With waves of children flooding into early learning centres across the country there is now an increasing demand for high-quality teaching staff. The question is: are our institutions preparing students adequately for the real-life demands of the job?
This increase has sharpened the competition among schools vying to attract kids to their institute, which is thought to be resulting in higher levels of service and parallel increases in expectation from parents.
So, are graduates across the sector ready to take on the increasing responsibility and give young children the best possible start to their education?
Early childhood education teacher and trainer, Sabrina Ariza-Giraldo is sceptical of the quality of some graduate teachers entering the workplace.
“No one talks about it, because it's hard... but from my professional point of view, [I question] the quality of education ”.
She says, even though all vocational training institutes (VET) offering early childhood education programs follow a national framework the outcomes are not the same for graduates across institutes.
“When you are in the VET sector, everyone needs to comply with the same standards… but the reality is, when the students go to the real workplace they sometimes don’t have the required knowledge and skills to work with children.”
Sabrina’s own children attend early learning centres and says she sees graduates who aren’t ready to have professional conversations with parents, comply with basic regulations, or communicate with children effectively.
She says, these are all complicated tasks requiring experience to learn and she says the best way for students is with hands-on training, work placements and traineeships.
Sabrina says this is the reason students at Melbourne Polytechnic are required to complete 210 hours of work placement, which is almost double the hours many other institutes require. It gives students exposure to real-world situations 35 hours a week for 6 weeks.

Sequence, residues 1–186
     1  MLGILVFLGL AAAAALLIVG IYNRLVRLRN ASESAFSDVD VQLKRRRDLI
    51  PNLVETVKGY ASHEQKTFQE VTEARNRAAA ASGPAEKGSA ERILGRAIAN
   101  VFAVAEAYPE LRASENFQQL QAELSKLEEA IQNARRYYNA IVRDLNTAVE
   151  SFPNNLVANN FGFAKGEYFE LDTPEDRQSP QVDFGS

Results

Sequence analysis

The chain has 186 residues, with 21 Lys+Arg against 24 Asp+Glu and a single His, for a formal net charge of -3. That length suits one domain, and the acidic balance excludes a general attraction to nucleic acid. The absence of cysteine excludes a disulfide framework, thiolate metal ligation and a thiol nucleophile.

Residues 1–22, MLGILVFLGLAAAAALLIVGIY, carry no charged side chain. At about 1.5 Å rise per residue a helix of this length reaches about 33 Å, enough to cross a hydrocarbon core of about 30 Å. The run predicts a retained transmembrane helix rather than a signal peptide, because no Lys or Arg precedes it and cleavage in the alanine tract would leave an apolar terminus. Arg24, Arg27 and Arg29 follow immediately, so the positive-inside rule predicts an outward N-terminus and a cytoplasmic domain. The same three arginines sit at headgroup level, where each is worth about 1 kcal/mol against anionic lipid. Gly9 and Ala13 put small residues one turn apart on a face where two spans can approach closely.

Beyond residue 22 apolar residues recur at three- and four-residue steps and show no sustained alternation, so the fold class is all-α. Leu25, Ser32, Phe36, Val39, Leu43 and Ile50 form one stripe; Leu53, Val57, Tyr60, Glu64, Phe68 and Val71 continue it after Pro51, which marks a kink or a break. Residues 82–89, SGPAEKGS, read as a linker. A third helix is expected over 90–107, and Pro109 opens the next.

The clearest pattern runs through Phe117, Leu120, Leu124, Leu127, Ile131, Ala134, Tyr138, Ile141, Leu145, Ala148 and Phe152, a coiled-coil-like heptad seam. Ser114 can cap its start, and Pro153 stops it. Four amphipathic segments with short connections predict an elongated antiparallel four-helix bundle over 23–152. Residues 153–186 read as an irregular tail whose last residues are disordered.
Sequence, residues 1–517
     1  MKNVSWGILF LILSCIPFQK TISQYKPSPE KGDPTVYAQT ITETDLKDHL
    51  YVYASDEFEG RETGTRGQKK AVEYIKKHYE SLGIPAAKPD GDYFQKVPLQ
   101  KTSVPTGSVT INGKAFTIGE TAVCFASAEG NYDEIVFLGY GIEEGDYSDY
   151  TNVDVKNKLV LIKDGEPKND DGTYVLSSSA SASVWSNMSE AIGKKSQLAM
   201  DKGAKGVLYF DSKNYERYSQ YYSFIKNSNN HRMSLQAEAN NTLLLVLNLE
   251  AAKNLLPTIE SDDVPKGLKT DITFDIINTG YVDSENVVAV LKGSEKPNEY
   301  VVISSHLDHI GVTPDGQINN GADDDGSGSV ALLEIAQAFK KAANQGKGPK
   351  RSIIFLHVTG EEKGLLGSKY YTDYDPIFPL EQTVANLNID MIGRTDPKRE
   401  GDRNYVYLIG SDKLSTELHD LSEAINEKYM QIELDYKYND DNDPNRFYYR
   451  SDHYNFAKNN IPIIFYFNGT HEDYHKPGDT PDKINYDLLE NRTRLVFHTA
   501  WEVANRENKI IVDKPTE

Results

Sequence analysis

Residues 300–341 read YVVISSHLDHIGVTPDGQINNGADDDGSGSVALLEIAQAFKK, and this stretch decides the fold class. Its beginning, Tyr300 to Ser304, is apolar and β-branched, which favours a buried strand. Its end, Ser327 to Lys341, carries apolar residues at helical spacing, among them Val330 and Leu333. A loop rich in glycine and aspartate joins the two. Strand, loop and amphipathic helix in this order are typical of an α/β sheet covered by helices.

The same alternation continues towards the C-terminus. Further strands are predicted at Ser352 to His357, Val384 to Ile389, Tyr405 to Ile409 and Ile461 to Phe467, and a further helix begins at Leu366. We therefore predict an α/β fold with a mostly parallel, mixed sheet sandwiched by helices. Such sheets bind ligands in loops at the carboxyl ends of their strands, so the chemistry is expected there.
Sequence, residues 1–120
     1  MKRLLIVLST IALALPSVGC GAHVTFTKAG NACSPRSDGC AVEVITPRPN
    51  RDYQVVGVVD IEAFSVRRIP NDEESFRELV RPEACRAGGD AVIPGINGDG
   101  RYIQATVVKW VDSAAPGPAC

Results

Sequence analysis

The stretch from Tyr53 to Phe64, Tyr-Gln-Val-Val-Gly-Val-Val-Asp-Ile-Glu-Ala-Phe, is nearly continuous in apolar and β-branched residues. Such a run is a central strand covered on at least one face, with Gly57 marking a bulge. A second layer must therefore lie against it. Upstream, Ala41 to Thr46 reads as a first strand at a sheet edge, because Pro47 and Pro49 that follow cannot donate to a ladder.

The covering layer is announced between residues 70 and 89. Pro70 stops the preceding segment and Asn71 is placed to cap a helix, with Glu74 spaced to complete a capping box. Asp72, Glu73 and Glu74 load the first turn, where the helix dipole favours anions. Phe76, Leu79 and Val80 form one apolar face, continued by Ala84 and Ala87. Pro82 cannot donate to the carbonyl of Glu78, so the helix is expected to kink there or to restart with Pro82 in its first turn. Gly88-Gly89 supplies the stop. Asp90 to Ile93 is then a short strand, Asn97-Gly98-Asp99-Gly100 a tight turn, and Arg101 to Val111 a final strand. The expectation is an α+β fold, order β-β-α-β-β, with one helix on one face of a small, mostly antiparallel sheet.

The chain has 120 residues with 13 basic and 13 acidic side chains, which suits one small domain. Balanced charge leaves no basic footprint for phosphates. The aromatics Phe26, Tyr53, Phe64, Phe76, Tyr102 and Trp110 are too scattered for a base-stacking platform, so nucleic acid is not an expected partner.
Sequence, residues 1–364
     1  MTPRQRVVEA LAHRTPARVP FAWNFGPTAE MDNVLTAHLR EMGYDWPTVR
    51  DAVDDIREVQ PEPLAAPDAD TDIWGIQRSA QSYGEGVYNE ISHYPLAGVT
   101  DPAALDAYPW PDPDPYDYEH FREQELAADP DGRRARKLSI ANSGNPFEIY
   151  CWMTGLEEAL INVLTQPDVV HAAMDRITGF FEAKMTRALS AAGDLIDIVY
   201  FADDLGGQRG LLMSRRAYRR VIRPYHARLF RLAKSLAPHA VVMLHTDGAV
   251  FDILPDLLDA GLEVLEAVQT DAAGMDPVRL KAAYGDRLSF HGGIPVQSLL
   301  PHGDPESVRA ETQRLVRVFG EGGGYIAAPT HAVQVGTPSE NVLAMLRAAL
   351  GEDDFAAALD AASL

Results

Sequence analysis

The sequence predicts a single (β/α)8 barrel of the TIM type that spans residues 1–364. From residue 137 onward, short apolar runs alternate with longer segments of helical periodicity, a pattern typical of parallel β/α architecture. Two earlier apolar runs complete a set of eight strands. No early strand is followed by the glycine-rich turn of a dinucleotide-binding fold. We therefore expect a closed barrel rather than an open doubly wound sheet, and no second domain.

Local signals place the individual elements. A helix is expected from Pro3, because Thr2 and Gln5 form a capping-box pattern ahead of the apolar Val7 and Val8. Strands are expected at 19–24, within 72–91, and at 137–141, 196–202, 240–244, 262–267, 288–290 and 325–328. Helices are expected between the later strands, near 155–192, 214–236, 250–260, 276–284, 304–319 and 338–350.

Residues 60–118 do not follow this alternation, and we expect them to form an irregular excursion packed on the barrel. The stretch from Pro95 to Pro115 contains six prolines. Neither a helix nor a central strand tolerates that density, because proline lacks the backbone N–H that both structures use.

“We require our students to go on work placement and actually show the skills required to finish the course.”
And, to make these experiences as useful as possible for students, she says: “We visit the students on placements… we go and see if the students need guidance or support and make sure they have the knowledge to apply their skills.”
In what is hopefully a positive change for the industry, from 2019 government funding for early years education and care courses will be for traineeships only. In a traineeship, students are required to secure a job at a registered childcare service or centre before they begin their studies. Instead of learning primarily in the classroom, in a traineeship, students learn as they work from teachers who act as coach and mentor.
Our advice to potential students and trainees:
Find a course offering a mix of hands-on training and as much experience as possible through work placements.
Be proactive in finding a job that values you will be studying.
Look to study with a provider that offers support while you are on the job through mentoring expertise.
Look at traineeships as being an exciting opportunity to begin work straight away.
With the total number of children attending early learning centres growing by at least 20 per cent since 2011, there are plenty of opportunities for those wanting to enter the childcare industry.
If you are interested in a career in childcare, take a look at our hands-on Certificate III in Early Childhood Education.
Image: Connor Baker
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